Real Men Sow

Fruit & Veg Maths and a New Project?

I’ve got confess, I’ve found the price of veg fascinating since I began roughly working out my savings from growing my own.

Admittedly, you’ve got to be a) tight and b) geeky, to want to do this. Luckily for my experiment, I’m both.

So you can imagine my delight when harvesting this week, I worked out the following maths equation:

823g of gooseberries + 2 courgettes + 1 red onion + 1 white onion = the cost of the multipurpose compost I bought at the weekend.

The purist will look at this and say ‘…but I don’t do it to save money’, and I agree. I love allotmenteering, and I’d do it regardless of cost. However, it’s a great feeling, not to mention a lot of fun, to look at a harvest and equate it to something else.

Strawberries Pay for a Spade
For a further example, its rather satisfying to know that actually it didn’t matter too much that I snapped my spade in half in front of a gaggle of the old boys, as my strawberry harvest during June paid for a new Fancy Dan Wilkinsons Sword replacement. A ten year guarantee should help against pesky globe artichoke root removal mishaps.

Reinvesting the Savings
It was also very exciting to pretend I was a smallholder too, reinvesting in the land. My leek and carrot harvests during the winter of 2011 equated to the cost of two new blueberry bushes, and left me enough change for a packet of seeds to replenish the carrot stock.

Watching my sage plant start paying for itself is also interesting. I bought it for £1.50 at the local farmers’ market, and after two pickings, the plant is about a tenth of the way there. I’ll be getting payback in a dozen or so harvests time.

Treating Myself to a New Fishing Rod. Or Not.
And then there’s domestic negotiations. That smart new fishing rod I’ve been eyeing up? Well, surely it should be able to come out of the joint account, given that I’ve delivered £47 of squash and rhubarb to the table this year?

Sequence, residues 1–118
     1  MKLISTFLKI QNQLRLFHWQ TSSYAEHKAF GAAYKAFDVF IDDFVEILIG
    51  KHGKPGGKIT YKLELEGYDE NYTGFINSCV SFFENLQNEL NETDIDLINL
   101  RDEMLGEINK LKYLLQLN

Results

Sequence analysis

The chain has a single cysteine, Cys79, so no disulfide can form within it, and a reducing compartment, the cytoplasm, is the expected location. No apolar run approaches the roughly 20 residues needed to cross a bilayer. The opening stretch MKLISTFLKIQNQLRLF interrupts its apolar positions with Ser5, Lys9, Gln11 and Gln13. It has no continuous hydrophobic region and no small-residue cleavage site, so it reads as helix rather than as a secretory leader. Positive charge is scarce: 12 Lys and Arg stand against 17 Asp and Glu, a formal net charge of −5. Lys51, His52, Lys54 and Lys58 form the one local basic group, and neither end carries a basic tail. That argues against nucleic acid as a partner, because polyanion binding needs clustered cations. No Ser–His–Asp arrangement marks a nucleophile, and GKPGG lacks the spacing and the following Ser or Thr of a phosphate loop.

This one’s not quite washed with Ailsa yet. Perhaps I am pushing it a tad, but I hope you get my point. The three seasons prior to this one have been brilliant – I’ve enjoyed relaxation, achievement, time with my mum and of course, tasty food. However, keeping a check on costs had added a whole new dimension.

A New Project?
I won’t do it for always, but I’m excited about my findings, and already eyeing up my little garden for a project designing a small space based entirely on growing the real bang-for-buck fruit and vegetables, while maintaining a pleasant, useable area.

At the moment this vision is pie in the sky, and I even had crazy thoughts of giving the allotment up completely to concentrate on the garden. I love the idea of just being able to wander out the back door and potter for a productive half an hour.

I had a great discussion with some fellow Twitter users last night, culminating in Helen from the Patient Gardener, suggesting I use the plot for the big crops like potatoes and squashes and the garden for other stuff.

I particularly like this idea. I could add storing veg, like onions, to the plot, as well as big tomato plants from which I’d make passata for freezing.

Exciting times, and plenty of food for thought. I think if I did give up the plot I’d live to regret it, but an edible garden sounds like a great challenge, and preparing it would certainly keep me busy over the winter.

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One Comment

  1. louisa @ TheReallyGoodLifeJuly 13, 2011 at 1:06 pmReply

    I missed the Twitter conversation last night but agree with Helen – keep the plot for low maintenance big things.

    I’ve only got a garden, and one without much bed space, and so I’m really limited with the amount of potatoes, onions etc that I can grow. Not the end of the world as they’re not expensive but still.

    If I had a plot, I’d still grow a lot of stuff in my garden – stuff that needs regularly picking/tending like salad or soft fruit – but anything that was a bit tougher, bigger, or with a long growing period would be in my plot.

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About Real Men Sow

meIn 2007, I took on a redundant allotment plot with my gardening-mad mum Jan. As all good mums do, she went along with it, but I don’t think she held out much hope. However, over a decade later, and she now lets me do stuff without watching over my shoulder, so I must be doing something right. [ read more ]

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During 2011, I kept a diary of how much money I save from growing my own fruit and vegetables. After totalling all my outgoings, I saved approximately £500 over the year. I made a spreadsheet to calculate these savings - it’s nothing too complicated, as I’m no Excel guru, but hopefully someone else will find it as useful (and strangely fun) as me. For more info, visit my Money Saving Experiment page by clicking here.

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